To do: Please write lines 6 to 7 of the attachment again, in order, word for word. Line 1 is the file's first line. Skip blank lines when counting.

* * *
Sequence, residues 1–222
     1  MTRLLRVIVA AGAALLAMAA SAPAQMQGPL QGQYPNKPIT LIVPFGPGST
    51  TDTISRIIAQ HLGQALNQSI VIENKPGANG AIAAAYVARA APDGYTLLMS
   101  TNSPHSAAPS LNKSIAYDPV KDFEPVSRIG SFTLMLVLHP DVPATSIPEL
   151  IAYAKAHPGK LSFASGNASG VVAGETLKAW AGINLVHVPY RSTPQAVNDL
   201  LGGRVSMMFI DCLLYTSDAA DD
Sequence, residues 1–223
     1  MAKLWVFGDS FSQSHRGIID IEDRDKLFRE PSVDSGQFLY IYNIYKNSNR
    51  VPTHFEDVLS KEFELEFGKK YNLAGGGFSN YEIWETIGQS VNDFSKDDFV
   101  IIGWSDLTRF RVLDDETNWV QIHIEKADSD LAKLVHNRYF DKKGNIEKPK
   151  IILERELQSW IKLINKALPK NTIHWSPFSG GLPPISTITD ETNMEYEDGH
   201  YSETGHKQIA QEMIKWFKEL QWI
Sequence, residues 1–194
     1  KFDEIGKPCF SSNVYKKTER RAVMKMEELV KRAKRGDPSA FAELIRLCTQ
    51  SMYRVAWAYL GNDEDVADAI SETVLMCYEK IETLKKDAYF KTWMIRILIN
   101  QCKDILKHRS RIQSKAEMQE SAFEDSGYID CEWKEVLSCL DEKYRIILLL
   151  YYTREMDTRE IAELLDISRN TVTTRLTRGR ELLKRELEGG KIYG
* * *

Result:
   201  LGGRVSMMFI DCLLYTSDAA DD
Sequence, residues 1–223